Background: Infections by multidrug-resistant Pseudomonas aeruginosa (MDRPa) are an important cause of morbidity and mortality in patients after allogeneic hematopoietic stem cell transplantation (HSCT). Humid environments can serve as a reservoir and source of infection by this pathogen. To minimize the risk of infection from these reservoirs, we performed extensive remodeling of sanitation and water installations as the focus of our hygiene bundle.
Methods: During the reconstruction of our transplantation unit (April 2011-April 2014) we implemented several technical modifications to reduce environmental contamination by and subsequent spreading of MDRPa, including a newly designed shower drain, disinfecting siphons underneath the sinks, and rimless toilets. During a 3-year study period (2012-2014), we tracked the number of patients affected by MDRPa (colonized and/or infected) and the outcome of infected patients, and monitored the environmental occurrence of this pathogen. We further performed whole-genome sequencing of nosocomial MDRPa strains to evaluate genotypic relationships between isolates.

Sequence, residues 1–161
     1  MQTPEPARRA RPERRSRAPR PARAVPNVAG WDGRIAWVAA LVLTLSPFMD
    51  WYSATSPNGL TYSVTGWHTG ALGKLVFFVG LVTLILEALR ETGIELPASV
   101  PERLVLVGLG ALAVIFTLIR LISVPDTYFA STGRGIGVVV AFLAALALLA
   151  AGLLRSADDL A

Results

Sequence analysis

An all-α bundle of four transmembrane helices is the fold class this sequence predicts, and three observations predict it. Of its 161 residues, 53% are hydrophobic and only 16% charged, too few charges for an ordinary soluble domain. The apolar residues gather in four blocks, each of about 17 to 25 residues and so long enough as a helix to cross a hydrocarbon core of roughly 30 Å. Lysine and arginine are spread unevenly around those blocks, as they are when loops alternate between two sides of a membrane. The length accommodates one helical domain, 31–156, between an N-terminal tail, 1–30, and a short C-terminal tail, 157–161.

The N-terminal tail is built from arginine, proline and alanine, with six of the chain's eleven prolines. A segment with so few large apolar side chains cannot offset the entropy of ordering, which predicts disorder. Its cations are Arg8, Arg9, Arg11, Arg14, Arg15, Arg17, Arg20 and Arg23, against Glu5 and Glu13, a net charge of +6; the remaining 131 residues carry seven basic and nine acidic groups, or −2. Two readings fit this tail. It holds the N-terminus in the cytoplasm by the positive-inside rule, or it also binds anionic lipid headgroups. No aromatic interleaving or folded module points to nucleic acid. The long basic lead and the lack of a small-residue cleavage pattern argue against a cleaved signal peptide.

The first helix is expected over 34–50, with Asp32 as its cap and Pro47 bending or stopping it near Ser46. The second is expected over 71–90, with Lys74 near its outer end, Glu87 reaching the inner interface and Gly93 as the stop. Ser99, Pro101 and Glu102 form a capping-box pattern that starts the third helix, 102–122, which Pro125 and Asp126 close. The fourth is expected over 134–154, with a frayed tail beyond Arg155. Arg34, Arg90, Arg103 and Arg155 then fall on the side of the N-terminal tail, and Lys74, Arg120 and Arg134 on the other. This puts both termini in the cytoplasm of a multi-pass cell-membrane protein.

Results: Whereas 31 (9.2%; 18 colonized, 13 infected) patients were affected in 2012 and 2013, the number decreased to 3 in 2014 (17%; 3 colonized, 0 infected). Lethality by MDRPa similarly decreased from 3.6% to 0%. Environmental detection of MDRPa decreased in toilets from 18.9% in 2012-2013 to 6.1% in the following year and from 8.1% to 3.0%, respectively, in shower outlets. Whole-genome sequencing showed close relationships between environmental and patient-derived isolates.
Conclusions: Hospital construction measures aimed at controlling environmental contamination by and spread of MDRPa are effective at minimizing the risk of highly lethal MDRPa infections.
Keywords: hospital acquired infection; hospital water system; immunocompromised hosts; infection control; multidrug-resistant Pseudomonas aeruginosa.
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